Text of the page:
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In-depth interviews find that those who screened positive for depression did not explain their experience in terms of diagnostic symptoms.

How to Promote Community Inclusion in Mental Health Practice

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Practitioners and public leaders identify methods and barriers for integrating those diagnosed with mental health issues into community life.

What is Contributory Injustice in Psychiatry?

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An article on contributory injustice describes the clinical and ethical imperative that clinicians listen to service users experiences.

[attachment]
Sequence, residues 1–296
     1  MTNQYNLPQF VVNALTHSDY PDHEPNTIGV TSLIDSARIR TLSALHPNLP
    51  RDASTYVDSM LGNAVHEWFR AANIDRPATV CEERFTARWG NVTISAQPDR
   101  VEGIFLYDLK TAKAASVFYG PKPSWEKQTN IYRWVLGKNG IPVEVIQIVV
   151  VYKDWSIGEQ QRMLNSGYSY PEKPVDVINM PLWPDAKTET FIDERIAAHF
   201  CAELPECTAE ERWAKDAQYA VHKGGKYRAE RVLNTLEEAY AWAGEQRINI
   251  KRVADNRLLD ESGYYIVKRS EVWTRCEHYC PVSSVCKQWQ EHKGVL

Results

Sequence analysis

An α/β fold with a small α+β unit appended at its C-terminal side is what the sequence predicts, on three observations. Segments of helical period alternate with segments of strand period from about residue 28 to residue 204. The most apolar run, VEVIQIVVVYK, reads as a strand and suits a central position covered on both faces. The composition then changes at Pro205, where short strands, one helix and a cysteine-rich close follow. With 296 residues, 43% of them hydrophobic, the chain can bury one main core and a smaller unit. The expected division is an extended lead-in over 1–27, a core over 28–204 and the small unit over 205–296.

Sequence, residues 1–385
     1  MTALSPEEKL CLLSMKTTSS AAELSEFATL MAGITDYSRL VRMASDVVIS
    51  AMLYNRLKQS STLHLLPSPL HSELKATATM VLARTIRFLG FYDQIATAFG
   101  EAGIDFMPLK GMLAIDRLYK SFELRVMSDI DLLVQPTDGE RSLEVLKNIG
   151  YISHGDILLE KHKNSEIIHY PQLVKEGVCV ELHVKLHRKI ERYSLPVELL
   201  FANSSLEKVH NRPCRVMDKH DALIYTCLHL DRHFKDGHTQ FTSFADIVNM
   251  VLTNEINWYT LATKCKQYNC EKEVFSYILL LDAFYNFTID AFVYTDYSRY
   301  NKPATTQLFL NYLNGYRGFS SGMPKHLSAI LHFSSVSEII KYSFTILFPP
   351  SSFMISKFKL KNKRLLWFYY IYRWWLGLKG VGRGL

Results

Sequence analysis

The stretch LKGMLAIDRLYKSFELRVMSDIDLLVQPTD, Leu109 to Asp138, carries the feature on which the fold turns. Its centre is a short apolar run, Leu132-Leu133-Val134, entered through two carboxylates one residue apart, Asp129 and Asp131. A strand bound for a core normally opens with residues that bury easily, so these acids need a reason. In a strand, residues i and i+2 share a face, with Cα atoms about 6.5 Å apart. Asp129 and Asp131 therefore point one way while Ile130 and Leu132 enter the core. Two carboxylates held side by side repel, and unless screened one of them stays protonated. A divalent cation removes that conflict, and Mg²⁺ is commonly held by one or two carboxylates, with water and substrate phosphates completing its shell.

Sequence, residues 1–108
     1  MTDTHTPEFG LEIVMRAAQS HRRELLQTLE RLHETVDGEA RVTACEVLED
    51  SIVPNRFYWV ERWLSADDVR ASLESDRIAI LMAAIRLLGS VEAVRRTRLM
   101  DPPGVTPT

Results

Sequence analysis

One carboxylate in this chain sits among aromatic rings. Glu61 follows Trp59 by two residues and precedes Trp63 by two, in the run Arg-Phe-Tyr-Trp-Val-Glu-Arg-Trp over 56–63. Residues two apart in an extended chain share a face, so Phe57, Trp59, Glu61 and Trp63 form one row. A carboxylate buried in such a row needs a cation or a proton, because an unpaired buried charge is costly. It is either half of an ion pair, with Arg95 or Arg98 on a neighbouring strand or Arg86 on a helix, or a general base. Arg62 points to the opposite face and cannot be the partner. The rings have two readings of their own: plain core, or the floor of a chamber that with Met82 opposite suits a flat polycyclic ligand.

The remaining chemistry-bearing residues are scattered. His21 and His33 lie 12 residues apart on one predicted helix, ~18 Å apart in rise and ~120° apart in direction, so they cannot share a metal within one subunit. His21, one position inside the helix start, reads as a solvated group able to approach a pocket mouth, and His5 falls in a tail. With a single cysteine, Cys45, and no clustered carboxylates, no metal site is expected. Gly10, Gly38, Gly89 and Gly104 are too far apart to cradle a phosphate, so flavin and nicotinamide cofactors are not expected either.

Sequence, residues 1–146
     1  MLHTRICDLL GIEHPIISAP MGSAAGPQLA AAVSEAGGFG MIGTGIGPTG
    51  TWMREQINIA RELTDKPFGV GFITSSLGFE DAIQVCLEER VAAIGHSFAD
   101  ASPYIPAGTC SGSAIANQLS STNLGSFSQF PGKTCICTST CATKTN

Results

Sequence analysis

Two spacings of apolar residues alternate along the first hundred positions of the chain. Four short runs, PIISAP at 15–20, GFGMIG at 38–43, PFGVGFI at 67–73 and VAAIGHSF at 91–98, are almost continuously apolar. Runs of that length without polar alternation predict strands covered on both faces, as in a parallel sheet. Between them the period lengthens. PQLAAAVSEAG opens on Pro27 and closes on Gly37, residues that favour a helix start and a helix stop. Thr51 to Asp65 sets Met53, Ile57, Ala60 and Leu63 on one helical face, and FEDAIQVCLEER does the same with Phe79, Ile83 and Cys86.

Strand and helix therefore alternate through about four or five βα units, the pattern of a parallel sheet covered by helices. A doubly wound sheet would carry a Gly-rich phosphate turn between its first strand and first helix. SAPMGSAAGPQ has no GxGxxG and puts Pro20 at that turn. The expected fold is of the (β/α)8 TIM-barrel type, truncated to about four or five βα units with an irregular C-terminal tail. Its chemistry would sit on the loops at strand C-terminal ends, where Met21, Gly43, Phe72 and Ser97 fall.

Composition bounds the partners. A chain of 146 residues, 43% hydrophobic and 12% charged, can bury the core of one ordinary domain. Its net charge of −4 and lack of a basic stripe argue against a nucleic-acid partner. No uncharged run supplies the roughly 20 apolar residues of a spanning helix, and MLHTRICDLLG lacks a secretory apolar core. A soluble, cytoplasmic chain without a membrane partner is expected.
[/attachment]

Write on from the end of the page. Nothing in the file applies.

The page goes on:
Alternative Therapies for Adolescent Depression as Effective as CBT, Study Finds

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Brief psychodynamic and psychosocial interventions help maintain reduced depressive symptoms
open dialogue

Open Dialogue: Does the Current Research Data Support Further Investment?

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A leading US journal published an extensive literature review and analysis of currently available research on Open Dialogue. An accompanying commentary concludes, “The present data on Open Dialogue are insufficient to warrant calls for further research on the program other than those projects that are currently under way.”